Community Web Version Now Available
anup
is chinese and hungarian most difficult language all over ? language information
Feb 5, 2011 1:35 AM
13
1
Answers · 13
Hi itisanup, The answer might sounds strange, but it all depends on where are you from and what is your mother tongue. For most people on this planet, Polish and Lithuanian languages are the hardest to learn because of earlier mentioned 7 cases, plenty of exceptions in both written and spoken aspects of Polish language and a very difficult pronunciation. However, for people from Russia or Slovakia learning polish should be relatively easy due to the fact that our languages are somehow similar. Not once and not twice I tried learning Japanese and I failed. Why? Because of the difference in constructing sentences. Polish, English, Spanish and even Chinese are so-called SOV languages (Subject + Object + Verb - that means while saying something first goes subject, then object and then verb) while Japanese and Korean are SVO languages (Subject + verb + Object - first subject, then verb and then object). Greetings, Mateusz
February 5, 2011
depends on who you ask :P
February 5, 2011
To me Chinese isn't easy due to the fact that I'm bad at memorizing characters. But I think there's no single hardest language. Every language has its difficulties.
February 5, 2011
To throw a spanner in the works... Every time this question is asked, the answers are invariably a major language. Why is that?? How is a language with at least ten million speakers (if not a hundred million, or over a billion) "difficult"? I'm reminded of reading about an indigneous Australian language (the book called it Barambah, but it might also be called Mbabaram), which died because the remaining speakers refused to teach it... because it was too difficult. We have only ONE recorded word from this language. There's a funny story about how we got it, too. It's a fair call to say it depends on who you ask. I thought trying to understand the multiple cases in Slovak plus palatised consonants was difficult. However, they use only one basic past tense. I've since realised that students here, while they understand various past tenses in English in theory, many have a severe problem in actually using them - a few last week straight out questioned why they even exist. Anyway... just my two cents on an over-worn question.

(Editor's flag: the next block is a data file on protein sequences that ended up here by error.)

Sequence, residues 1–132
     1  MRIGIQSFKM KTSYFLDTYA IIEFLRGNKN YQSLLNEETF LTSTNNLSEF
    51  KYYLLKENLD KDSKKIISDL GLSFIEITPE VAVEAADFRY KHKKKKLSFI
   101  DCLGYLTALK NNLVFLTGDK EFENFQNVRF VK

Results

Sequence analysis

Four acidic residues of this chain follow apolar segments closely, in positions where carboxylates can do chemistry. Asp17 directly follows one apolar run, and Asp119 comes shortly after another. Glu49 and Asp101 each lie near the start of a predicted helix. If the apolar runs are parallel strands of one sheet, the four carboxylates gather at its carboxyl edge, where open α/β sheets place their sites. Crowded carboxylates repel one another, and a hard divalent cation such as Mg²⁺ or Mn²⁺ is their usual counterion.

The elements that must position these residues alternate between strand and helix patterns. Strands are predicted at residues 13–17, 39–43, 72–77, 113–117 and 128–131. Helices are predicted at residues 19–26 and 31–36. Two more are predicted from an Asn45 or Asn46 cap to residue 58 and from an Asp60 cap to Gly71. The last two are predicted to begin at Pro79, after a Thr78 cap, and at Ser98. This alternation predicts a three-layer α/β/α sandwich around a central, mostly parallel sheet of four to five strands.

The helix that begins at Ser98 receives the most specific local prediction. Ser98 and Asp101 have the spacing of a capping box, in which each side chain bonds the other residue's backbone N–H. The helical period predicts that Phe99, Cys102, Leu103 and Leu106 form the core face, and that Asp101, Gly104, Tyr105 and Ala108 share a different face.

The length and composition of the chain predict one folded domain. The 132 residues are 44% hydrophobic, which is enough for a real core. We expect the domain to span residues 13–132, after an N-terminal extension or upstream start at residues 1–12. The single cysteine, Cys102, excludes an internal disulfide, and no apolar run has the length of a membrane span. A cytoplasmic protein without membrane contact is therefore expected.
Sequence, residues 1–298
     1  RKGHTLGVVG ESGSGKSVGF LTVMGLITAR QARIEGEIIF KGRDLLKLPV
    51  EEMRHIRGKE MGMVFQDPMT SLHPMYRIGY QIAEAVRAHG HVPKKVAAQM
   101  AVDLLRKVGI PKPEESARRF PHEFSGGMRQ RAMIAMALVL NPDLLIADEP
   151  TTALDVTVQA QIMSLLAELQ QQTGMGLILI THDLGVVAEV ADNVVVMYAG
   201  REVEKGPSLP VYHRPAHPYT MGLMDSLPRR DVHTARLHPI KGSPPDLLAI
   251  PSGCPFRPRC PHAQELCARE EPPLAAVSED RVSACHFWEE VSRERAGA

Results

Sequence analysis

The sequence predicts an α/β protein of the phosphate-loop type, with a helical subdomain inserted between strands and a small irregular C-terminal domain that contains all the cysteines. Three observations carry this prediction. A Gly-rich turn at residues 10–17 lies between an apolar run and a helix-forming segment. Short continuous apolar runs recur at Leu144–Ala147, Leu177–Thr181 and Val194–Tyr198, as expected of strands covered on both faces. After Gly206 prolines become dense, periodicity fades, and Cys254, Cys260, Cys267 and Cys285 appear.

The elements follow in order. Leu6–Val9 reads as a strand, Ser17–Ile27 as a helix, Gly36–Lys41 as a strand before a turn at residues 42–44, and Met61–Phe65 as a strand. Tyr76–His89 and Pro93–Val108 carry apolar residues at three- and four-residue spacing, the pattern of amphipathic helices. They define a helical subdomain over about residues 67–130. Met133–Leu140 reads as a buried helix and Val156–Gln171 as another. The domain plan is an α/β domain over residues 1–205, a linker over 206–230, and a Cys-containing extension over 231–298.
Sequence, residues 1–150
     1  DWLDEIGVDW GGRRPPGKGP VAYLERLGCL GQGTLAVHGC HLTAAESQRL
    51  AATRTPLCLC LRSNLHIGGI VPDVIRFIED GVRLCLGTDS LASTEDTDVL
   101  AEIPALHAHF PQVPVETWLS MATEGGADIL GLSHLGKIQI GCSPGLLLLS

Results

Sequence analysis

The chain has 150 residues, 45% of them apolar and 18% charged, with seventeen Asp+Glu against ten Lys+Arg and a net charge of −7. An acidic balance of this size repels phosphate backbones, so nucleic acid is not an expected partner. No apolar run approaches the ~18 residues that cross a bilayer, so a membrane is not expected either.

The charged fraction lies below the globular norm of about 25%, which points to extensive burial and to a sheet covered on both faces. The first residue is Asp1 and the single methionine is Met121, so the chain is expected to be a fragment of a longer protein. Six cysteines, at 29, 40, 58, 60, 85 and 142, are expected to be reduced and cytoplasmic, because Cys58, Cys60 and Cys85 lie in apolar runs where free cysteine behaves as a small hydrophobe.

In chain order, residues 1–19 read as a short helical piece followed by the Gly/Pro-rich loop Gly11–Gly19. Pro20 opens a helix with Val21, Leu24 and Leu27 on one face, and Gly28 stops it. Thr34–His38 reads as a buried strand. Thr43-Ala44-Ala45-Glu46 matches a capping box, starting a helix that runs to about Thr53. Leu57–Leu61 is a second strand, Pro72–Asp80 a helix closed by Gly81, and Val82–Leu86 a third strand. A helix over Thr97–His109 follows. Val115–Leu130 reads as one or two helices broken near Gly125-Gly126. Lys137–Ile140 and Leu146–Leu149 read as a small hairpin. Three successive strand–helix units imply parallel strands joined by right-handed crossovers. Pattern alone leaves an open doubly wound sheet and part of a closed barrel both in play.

February 5, 2011
Mateusz, I am sorry, but I'd wanted to note that Turkish is not SVO language, because it has all time verb at the end of a sentence. Thus, Turkish is a SOV language.
February 5, 2011
Show More
anup
Language Skills
English, Japanese, Nepali, Spanish
Learning Language
Japanese, Spanish